For others, the memorial becomes more of a reflection. Derrick Quintero’s primary contribution is also a diorama; it shows his prison cell, cracked open to make space for a hypothetical road to freedom. The back of the sculpture includes a small wedge that maps “the road from my past,” demonstrating how Quintero went from a 10-year sentence for robbery in Kentucky to Tennessee’s death row, via four escapes from prison (he committed his murders while escaping). The green and blue of the niche’s landscape look especially bright compared to the muted tones of Quintero’s cell on the other side, and his makeshift coils of barbed wire poignantly echo the painted tufts of white clouds above.
Still other works in the show serve as actual memorials, both for the dead and the living. Declicho Besh, aka Ironhawk, was working on a model for his contribution, a terra-cotta tree with beaded feathers in place of leaves, when he died of a heart attack. The group, along with artist Sophia Stevenson, carried out the piece based on his design: a tree so swirling and energetic that it almost seems human. Gary Cone, on the other hand, is still alive, but after an infection in his back went untreated in prison, it spread to his spine and left him paraplegic. Cone, who served as the librarian for the death row unit at Riverbend for many years, had envisioned a tower of books as his memorial; the curators built it, and its spiral form evokes a strand of DNA, suggesting that in prison, even on death row, books can give life. (Cone now lives in a special-needs facility with no access to visitors or educational programs, and little access to books, according to the exhibition materials.)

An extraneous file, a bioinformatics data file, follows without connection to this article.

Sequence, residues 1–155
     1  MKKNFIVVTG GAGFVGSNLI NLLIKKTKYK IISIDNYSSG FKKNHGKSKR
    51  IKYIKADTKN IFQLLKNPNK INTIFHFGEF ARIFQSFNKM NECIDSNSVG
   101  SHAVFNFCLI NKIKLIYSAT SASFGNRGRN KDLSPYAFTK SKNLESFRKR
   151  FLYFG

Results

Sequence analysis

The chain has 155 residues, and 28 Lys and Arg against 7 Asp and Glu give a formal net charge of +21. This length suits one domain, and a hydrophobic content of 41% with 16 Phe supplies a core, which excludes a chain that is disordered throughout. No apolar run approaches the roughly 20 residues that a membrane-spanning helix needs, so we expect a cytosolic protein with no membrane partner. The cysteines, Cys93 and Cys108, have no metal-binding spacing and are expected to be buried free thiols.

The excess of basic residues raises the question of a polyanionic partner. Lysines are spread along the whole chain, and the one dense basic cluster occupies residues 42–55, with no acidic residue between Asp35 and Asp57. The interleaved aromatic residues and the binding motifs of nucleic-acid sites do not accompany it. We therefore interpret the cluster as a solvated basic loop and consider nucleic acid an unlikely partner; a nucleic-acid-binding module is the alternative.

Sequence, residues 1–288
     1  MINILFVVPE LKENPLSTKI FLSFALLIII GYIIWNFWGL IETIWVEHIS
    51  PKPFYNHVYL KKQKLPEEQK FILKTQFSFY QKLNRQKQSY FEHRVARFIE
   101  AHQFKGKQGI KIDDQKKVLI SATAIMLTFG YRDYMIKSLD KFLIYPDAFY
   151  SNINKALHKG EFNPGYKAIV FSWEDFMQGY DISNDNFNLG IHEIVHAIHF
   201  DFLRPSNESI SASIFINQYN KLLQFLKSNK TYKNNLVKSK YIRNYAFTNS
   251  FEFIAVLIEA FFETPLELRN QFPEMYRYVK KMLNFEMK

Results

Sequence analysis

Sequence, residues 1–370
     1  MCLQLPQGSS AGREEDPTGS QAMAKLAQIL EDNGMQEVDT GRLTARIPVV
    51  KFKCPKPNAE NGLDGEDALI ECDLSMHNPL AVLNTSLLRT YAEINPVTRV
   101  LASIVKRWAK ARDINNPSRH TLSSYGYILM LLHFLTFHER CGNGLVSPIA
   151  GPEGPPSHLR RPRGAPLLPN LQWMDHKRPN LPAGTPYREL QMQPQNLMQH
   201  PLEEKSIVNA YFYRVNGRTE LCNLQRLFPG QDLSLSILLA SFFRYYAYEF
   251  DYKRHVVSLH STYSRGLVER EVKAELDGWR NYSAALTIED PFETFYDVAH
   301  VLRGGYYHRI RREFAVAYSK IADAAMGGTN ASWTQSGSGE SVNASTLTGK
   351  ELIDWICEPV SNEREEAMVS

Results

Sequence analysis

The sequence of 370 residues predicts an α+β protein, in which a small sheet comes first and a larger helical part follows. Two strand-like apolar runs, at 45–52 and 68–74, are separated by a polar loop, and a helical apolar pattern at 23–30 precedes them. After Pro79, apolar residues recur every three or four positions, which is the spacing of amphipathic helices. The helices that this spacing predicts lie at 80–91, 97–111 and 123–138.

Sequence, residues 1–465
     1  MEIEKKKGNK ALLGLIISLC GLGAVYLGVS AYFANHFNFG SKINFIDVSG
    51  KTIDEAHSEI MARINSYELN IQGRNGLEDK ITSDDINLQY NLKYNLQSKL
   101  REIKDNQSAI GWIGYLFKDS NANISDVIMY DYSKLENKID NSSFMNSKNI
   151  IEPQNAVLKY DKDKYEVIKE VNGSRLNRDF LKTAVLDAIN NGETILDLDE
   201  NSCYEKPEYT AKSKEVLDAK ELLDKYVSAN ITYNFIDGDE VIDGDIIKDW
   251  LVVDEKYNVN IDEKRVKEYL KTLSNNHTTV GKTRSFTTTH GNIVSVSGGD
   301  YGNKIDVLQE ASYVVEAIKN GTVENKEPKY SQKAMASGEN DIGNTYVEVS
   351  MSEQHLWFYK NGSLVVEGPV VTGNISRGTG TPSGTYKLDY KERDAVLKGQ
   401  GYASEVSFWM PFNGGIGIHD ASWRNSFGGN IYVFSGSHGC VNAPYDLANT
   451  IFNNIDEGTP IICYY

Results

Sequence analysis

Unsurprisingly, some of the memorials deal overtly with the politics of the death penalty, most notably the contributions of Ron Cauthern and Harold Wayne Nichols. Nichols’s pieces include a compellingly abstract drawing titled “A World Without Prisons,” showing an arena built from former prison stones where “communities might practice restorative justice rather than retribution,” says the checklist. Cauthern is responsible — with the help of Nichols — for one of the most conspicuous works on view: the ominous, oversize airplane with a cracked skull face that hangs from the ceiling.
But it’s another of his pieces that I find more thought-provoking: a photograph of the Tennessee State Capitol on which Cauthern has painted a self-portrait in prison uniform over the statue that currently stands there. The 1908 sculpture honors Senator Edward Carmack, “a prohibitionist, race-baiting, hothead newspaper editor,” in the words of the Nashville City Paper, and with his quiet alterations to the photo, Cauthern calls attention to just how arbitrary the business of memorials really is. It may seem ludicrous to propose public remembrances of convicted murders, but is it really so far-fetched in a country whose roads, circles, and lawns are littered with celebrations of the leaders of a secessionist confederacy whose raison d’être was slavery? And what happens if we trace that line from the Confederacy to death row, considering along the way how much our country’s laws, justice system, and incarceration policies have been molded by racism and economic discrimination?
Life After Death and Elsewhere is powerful because it reminds us that, while they might be murders, these are still people whom the state has deemed fit to kill. It’s important because it poses questions about the American present that many of us would rather not ask.
Life After Death and Elsewhere continues at apexart (291 Church Street, Tribeca, Manhattan) through October 24.